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mythology meme | Slavic gods & goddesses - Evening Star

In Slavic mythology, the Zorya are the two guardian goddesses, known as the Auroras or as the Morning Star and the Evening Star. Both sisters serve the sun god Dažbog, who is in some myths described as their father. The Morning Star opens the gates to his palace each morning for the sun-chariot’s departure. At dusk, the Evening Star closes the gates once more after his return.They guard and watch over the doomsday hound, Simargl, who is chained to the star Polaris in the constellation Ursa Minor, the “little bear”. If the chain ever breaks, the hound will devour the constellation and the universe will end. 

The Evening Star is Zorya Vechernyaya (from Russian vecher, meaning “evening”), a goddess of dusk who is depicted as a fully armed and courageous warrior. She was associated with the planet Mercury. Some myths cast both Zorya as virgin goddesses who had the specific job of grooming their father’s white horses, but other accounts say they married the moon god Myesyats and gave birth to the stars. Ancient Slavs would pray to Zorya Vechernyaya each evening as the sun set.

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mythological characters meme: Ivan Tsarevich

Ivan Tsarevich (Ива́н Царе́вич or Иван-царевич) is one of the main heroes of Russian folklore, usually a protagonist, often engaged in a struggle with Koschei. Along with Ivan the Fool, Ivan Tsarevich is a placeholder name rather than a certain character.

He is often, but not always, the youngest son of three. In the tale The Three Tsardoms, he is a son of Nastasya the Golden Braid. Different legends describe Ivan as having various wives, including Yelena the Beautiful, Vasilisa the Wise and Marya Morevna. [x]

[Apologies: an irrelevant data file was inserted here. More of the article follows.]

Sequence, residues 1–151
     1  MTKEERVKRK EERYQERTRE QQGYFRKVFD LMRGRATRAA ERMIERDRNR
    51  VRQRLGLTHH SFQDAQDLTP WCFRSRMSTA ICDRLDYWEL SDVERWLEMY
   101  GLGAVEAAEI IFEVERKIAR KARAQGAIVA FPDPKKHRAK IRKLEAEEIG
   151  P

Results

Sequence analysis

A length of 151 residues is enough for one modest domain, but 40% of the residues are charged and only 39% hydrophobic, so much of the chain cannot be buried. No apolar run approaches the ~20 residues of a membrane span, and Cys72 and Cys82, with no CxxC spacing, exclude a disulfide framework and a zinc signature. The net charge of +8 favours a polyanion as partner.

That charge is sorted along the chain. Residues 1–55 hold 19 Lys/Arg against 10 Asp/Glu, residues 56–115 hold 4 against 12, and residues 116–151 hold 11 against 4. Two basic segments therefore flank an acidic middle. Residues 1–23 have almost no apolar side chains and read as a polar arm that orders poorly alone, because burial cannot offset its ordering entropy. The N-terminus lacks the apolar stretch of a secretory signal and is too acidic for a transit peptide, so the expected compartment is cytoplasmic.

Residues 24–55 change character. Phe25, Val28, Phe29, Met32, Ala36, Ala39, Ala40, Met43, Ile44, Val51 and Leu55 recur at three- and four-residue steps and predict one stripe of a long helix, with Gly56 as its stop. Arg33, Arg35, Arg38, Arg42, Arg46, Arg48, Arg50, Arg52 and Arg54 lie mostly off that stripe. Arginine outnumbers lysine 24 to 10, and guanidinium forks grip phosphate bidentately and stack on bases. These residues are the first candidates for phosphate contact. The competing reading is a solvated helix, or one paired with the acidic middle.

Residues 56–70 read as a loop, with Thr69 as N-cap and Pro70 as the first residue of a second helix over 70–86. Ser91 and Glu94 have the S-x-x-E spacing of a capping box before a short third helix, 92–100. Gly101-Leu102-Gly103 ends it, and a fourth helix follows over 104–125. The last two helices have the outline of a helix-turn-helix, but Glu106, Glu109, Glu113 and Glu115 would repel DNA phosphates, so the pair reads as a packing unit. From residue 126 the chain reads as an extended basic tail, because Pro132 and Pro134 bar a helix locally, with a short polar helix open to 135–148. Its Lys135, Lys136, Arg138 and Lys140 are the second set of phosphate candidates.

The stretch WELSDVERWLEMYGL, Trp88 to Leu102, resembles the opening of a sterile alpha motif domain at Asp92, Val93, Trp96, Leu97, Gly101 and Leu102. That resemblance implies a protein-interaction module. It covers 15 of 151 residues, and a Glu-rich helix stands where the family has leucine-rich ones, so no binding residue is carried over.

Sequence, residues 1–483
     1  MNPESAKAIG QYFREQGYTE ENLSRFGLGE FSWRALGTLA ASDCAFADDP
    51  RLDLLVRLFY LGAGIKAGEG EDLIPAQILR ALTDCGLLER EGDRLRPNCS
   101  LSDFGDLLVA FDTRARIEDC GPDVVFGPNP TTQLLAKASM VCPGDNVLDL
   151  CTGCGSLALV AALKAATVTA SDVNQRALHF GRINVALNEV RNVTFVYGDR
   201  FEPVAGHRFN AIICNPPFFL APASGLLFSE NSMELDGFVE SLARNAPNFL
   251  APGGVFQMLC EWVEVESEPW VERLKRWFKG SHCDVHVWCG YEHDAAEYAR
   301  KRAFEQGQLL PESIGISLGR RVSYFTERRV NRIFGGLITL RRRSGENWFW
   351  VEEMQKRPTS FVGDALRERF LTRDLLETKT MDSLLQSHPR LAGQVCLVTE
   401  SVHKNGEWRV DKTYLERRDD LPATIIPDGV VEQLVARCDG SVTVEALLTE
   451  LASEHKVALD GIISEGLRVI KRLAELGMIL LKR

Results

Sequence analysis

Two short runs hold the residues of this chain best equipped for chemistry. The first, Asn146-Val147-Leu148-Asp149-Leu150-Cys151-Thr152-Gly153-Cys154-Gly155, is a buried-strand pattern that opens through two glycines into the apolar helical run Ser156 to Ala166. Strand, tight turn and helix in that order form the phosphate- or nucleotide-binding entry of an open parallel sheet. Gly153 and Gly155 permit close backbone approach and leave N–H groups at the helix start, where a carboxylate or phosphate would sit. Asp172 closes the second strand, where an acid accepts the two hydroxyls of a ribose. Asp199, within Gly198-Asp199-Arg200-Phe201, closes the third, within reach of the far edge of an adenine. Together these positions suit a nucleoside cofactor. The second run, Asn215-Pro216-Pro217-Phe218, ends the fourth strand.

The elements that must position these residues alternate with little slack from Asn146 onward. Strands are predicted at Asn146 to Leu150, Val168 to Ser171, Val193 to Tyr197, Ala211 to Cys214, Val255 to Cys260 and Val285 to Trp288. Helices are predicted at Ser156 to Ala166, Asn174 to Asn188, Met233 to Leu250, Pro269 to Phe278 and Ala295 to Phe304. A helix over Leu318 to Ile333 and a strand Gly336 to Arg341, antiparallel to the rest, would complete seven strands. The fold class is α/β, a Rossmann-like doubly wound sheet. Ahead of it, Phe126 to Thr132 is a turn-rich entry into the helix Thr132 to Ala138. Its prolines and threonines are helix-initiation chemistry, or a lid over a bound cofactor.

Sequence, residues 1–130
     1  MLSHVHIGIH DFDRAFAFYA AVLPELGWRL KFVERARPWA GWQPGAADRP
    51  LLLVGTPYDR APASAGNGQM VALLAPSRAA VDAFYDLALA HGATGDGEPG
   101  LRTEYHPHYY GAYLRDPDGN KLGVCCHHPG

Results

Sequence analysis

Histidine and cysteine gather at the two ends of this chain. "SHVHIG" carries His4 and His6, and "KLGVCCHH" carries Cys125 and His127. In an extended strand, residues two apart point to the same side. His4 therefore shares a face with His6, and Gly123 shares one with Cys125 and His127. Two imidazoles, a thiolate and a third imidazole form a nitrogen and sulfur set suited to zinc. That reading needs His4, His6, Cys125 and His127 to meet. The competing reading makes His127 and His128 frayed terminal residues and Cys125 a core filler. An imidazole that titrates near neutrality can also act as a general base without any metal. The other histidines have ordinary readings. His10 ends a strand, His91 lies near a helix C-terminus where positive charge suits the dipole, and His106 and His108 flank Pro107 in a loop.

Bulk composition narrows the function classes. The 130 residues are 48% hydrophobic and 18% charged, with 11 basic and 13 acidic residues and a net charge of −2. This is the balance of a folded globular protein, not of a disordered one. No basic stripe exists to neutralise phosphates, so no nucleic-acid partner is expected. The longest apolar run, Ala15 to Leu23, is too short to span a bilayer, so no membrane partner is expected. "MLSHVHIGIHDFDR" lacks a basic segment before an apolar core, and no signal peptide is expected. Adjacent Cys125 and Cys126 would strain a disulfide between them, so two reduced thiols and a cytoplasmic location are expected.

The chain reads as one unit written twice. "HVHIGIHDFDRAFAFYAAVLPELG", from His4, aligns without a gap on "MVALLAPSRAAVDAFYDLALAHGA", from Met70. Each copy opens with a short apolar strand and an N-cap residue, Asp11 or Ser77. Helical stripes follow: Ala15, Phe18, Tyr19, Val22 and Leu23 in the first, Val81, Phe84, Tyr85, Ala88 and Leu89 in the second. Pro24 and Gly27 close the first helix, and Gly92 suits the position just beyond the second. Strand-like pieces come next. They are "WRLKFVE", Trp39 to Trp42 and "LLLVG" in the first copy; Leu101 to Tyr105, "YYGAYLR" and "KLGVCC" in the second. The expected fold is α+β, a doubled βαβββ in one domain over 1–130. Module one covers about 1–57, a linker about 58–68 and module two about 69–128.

Viktor Vasnetsov, Ivan Tsarevich Riding the Grey Wolf. Oil on canvas, 1889. Tretyakov Gallery, Moscow, Russia.

THOSE WHO HAUNT THE EARTH: RUSALKA

According to Slavic folklore, a rusalka is the spirit of a young women who was murdered in or close to a lake or river. They appear as beautiful young women with bright green eyes who try to lure men and children into the water, where they will drown them. Their shrill laughter is known to be deadly to humans. A rusalka can leave the water at night to sing in trees or join other rusalki to dance in the local meadows, but she cannot live long on dry land. However, rusalki are kept safe with magical combs, which give them the power to conjure water when they need it. According to some legends, should a rusalka’s hair dry out, she will die. A rusalka’s fate can also be undone by avenging her death.

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mythology meme | Slavic gods & goddesses - Morning Star

In Slavic mythology, the Zorya are the two guardian goddesses, known as the Auroras or as the Morning Star and the Evening Star. Both sisters serve the sun god Dažbog, who is in some myths described as their father. The Morning Star opens the gates to his palace each morning for the sun-chariot’s departure. At dusk, the Evening Star closes the gates once more after his return.They guard and watch over the doomsday hound, Simargl, who is chained to the star Polaris in the constellation Ursa Minor, the “little bear”. If the chain ever breaks, the hound will devour the constellation and the universe will end.